Mangonui and Butler Point have strong historical ties with the whaling industry. In 1792 the American whaleship captain Eber Bunker made the first recorded visit by a white person to Doubtless Bay. Bunker and other whaling captains probably had contact with local Maori. Department of Conservation archaeological excavations on the pa (hillfort) at Butler Point have uncovered such items of non-Maori manufacture as clay pipe pieces and glass bottle fragments. Artefacts belonging to local Maori are displayed by their courtesy in the Museum.
William Butler, who built Butler House and developed extensive Gardens at Butler Point, was a former whaling captain. On Butler Point he constructed a trade store from which he supplied visiting whaling ships. Butler also advertised a service recruiting crew for whaleships.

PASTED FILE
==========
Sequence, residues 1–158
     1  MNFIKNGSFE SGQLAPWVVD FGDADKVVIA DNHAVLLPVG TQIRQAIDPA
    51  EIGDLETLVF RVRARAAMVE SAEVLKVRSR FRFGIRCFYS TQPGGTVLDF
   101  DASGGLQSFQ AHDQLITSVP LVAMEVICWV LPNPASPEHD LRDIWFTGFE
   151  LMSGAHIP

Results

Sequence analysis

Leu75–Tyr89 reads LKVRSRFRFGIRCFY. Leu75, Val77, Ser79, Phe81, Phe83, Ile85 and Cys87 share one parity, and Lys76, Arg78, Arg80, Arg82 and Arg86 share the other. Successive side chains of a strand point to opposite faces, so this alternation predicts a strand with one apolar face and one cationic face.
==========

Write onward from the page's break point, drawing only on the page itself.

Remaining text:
Butler Point Whaling Museum has been developed to commemorate the close association of the Point and Mangonui with whaling. Exhibits represent almost 40 years obtaining authentic items associated with the whaling industry. Pieces have been sourced from New Zealand, Australia, England and North America. Together they represent one of the finest private collections in New Zealand.
Among the items on display in the Museum are a refurbished ship's whaleboat; a reconstructed tryworks; examples of whalebone; a large range of harpoons and cutting in equipment; paraphernalia associated with shipboard life, including a full set of ship's surgical instruments; old prints and photographs of aspects of the whaling industry; and models of whaleships and whaleboats.
An extensive collection of scrimshaw, including some unique and very notable pieces, is also on display.
Text and images © L. Ferguson, 2002.